B2B decision-makers don’t wait (or even want) to hear from a salesperson any more. Instead, they are researching purchase decisions — and vetting your specific company — online. When a prospect lands on your website, what do they see?
The first impression is the most important 8-10 seconds in your marketing cycle. You only have a few moments to capture your buyers' attention and win their trust. At this stage, buyers are asking questions like: "Are they experts in the space? Do they understand me? Do they truly grasp the problem?" They will answer those questions based on your frontline messaging and design sensibility.
In B2B technology, good design is design that clearly showcases Why, How, and What you do to solve your buyer’s problem. It should highlight the sophistication of your solution, the expertise of your team, and your ability to solve their problem.
We'll cover each of those goals in this three-part series, but let's start with how to showcase your solution's sophistication.
Using Design to Showcase Your Solution
Your priority needs to be making sure that people know they are in the right place when they get to your site. This can be done in a lot of ways: by making the aesthetic fit the industry that your technology serves, by having screenshots of the product up front, and even just by having copy specifically state the problem being solved. Sounds simple, I know, yet it’s surprisingly rare.
A great way to address these questions is to have the initial impression showcase the unique qualities of your solution. Here, you can demonstrate what the prospect can expect from your product and how your solution can work for them. There are a number of ways to do this, but let’s break down a few common examples.
The advantage to using screenshots is that showing a tangible product is a great way to earn credibility with your viewer. Mailchimp does a great job of employing this method. Their homepage makes a splash with bold colors and interesting shapes to catch the visitor’s eye. They then utilize these shapes to lead the visitor’s eyes to screenshot videos where the visitor can see their application in action.
With this method you should strive to make your copy and screenshots answer a “what” and “how” framework. What does it do or what can I do with it? How does it enable me to do that? When the visual information is broken into digestible parts it helps your visitor feel that your solution is simple and manageable. If you try to claim too much within one screenshot it can make your solution feel too complex to adopt. When screenshots are visual proof of the claims the copy makes, you earn credibility with your visitor.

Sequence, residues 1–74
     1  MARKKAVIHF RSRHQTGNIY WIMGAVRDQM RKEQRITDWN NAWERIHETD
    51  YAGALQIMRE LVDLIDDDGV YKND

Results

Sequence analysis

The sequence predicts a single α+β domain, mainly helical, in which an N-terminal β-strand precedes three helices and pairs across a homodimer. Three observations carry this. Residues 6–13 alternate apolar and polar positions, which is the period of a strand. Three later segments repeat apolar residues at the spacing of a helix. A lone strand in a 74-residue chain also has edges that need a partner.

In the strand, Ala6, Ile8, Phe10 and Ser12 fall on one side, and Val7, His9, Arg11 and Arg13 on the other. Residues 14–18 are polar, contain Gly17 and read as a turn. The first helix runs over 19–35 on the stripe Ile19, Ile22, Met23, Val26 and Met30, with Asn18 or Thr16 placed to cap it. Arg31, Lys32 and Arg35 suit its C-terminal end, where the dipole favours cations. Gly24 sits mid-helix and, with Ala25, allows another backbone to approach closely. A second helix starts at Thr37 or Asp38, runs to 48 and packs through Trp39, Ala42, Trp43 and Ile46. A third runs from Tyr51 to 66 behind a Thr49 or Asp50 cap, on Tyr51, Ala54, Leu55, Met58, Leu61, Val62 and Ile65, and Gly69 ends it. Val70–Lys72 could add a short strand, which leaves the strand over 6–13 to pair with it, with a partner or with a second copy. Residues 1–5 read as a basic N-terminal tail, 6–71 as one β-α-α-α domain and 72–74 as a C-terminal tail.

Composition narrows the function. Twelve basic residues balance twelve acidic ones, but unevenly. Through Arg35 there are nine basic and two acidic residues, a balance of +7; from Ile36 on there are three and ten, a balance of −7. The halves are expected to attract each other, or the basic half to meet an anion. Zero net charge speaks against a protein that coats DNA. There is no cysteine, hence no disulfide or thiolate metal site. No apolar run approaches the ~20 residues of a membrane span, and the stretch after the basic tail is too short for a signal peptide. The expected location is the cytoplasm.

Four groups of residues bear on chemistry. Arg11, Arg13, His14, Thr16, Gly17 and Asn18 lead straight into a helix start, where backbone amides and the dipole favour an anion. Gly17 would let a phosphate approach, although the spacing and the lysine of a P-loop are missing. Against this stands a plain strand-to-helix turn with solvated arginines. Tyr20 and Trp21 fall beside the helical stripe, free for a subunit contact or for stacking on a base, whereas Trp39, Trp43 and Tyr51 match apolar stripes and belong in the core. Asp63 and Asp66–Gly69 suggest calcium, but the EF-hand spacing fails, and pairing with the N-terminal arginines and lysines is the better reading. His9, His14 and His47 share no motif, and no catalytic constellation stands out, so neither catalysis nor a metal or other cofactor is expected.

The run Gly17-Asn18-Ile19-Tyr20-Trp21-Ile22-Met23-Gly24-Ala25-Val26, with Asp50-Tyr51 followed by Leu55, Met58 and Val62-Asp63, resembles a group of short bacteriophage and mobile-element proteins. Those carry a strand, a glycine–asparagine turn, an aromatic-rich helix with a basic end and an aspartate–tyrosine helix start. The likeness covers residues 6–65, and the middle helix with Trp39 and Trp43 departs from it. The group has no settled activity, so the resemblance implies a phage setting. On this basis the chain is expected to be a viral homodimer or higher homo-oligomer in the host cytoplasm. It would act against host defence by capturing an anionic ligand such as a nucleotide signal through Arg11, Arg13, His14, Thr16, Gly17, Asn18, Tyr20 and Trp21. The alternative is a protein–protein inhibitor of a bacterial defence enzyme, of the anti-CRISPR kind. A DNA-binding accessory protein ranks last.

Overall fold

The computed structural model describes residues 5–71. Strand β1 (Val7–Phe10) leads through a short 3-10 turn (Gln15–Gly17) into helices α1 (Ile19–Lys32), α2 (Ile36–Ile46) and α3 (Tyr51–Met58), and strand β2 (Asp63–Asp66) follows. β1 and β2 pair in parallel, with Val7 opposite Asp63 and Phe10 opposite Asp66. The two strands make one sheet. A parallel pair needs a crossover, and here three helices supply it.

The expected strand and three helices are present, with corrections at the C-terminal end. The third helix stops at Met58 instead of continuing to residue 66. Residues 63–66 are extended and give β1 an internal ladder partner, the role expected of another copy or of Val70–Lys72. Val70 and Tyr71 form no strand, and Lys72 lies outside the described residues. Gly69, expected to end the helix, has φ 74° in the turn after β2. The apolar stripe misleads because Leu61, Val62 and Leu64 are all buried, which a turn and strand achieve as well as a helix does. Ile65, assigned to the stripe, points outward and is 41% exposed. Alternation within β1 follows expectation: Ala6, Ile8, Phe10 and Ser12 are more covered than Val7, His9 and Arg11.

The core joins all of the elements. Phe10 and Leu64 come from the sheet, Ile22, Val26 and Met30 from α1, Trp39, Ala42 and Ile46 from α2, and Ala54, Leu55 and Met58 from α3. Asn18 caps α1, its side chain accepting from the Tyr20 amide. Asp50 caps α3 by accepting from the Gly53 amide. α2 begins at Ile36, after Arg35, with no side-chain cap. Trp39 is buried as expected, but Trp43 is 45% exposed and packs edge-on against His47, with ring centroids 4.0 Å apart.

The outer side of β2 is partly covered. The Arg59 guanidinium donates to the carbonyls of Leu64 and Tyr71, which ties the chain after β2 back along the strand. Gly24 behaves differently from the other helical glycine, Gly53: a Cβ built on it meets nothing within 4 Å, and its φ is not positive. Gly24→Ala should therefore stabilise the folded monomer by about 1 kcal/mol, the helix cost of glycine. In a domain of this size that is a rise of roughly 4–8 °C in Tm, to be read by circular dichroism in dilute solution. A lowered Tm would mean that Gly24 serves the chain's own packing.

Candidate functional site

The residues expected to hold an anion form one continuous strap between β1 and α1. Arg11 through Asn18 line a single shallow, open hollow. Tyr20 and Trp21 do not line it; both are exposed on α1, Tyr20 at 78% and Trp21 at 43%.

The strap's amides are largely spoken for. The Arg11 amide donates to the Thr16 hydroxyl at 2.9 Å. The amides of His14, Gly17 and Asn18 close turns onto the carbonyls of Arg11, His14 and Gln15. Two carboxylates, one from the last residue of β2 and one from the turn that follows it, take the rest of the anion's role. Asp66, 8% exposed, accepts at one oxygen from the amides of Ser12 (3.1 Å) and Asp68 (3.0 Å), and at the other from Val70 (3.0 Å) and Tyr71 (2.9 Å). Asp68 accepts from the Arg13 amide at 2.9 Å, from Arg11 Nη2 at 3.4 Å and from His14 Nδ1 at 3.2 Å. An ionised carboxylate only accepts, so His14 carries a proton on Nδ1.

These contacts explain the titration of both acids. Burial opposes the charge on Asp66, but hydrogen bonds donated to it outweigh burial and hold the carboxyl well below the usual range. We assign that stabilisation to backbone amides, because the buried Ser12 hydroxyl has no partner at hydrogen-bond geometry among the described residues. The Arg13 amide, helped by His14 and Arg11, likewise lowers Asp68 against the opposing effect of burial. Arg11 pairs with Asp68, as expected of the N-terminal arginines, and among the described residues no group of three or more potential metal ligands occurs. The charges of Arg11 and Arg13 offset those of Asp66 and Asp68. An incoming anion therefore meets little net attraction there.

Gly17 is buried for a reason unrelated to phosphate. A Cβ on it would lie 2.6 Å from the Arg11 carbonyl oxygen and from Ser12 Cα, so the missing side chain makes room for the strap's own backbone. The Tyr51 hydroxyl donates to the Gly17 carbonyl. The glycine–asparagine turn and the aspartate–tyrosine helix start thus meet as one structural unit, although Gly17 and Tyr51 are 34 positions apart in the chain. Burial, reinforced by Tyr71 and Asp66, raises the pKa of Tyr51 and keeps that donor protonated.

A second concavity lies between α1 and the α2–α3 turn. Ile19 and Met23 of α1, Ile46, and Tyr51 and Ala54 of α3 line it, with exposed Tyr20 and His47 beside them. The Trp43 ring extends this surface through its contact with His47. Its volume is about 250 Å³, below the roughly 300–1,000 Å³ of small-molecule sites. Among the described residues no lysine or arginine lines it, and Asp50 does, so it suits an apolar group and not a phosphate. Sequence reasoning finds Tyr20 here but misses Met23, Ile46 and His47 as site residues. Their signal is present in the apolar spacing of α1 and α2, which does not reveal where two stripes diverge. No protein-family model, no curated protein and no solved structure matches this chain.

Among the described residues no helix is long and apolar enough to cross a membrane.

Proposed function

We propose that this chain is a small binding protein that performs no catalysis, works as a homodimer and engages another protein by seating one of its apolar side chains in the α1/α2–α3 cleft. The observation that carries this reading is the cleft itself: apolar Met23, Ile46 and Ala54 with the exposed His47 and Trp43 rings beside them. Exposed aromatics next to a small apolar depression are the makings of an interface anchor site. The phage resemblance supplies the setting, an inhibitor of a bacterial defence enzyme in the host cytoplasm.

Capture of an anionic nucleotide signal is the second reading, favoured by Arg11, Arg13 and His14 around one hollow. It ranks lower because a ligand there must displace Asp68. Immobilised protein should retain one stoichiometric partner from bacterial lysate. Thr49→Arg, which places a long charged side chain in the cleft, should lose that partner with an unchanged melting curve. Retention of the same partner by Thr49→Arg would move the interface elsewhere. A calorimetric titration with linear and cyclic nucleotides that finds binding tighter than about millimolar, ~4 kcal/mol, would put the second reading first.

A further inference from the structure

Screenshots are not always the answer. If you have a product that is visually complex or is a disruptor to the market, it might be difficult for viewers to understand your solution through a screenshot or your solution might seem too overwhelming. To avoid leaving the impression that your solution is too complex to handle, another method you could use is to show a graphic or animation that gives an overview of how your solution works. This is a great method for putting a prospect’s mind at ease since it often unpacks what your solution does and how it can be implemented. Concert Genetics’ homepage is a great example of this method.
What Concert Genetics is doing to impact the world of genetic testing goes beyond what a screenshot of their search engine could convey. Our solution was to make the abstract more tangible. When visitors arrive on the Concert Genetics homepage, they are guided through a quick interactive story that gives visual metaphors for each of the three principles: connect, unify and simplify. This gives visitors a first impression that was enjoyable, informative, and simple to understand.
3. your process
If your solution is too complex to showcase in a graphic or animation — or if you need to keep aspects of how your solution works close to chest — you can change your approach and instead address how it will affect the prospect’s life after adoption. Videos, graphics, photos or testimonials that show where prospects could be after using your product can all be leveraged. By showing you know where the prospect wants to go, you are able to form a bond with them that goes beyond being credibility; it is the first step in creating a brand advocate.
A great example of this method is on InvisionApp’s homepage hero. Their headline copy draws visitors in by confidently stating why the visitor should care about their solution. Their subheader copy then offers a more concrete descriptions of what they provide to support the headline. And then, to clinch the pitch, a video in the background explains how they bring that vision to life and who it has helped. Invision’s first impression not only answers a visitor’s questions of why, how, and what within seconds but also provides a way for visitors to see proof of their process and envision their own success with the platform.
You can use these methods, mix them, or choose other methods to showcase your solution. Just remember that the goal here is to convey to your viewer an overview of what you do and how your solution works.
Next week, we'll discuss how you can use your website to achieve the second goal of design in B2B technology: demonstrating your team’s expertise.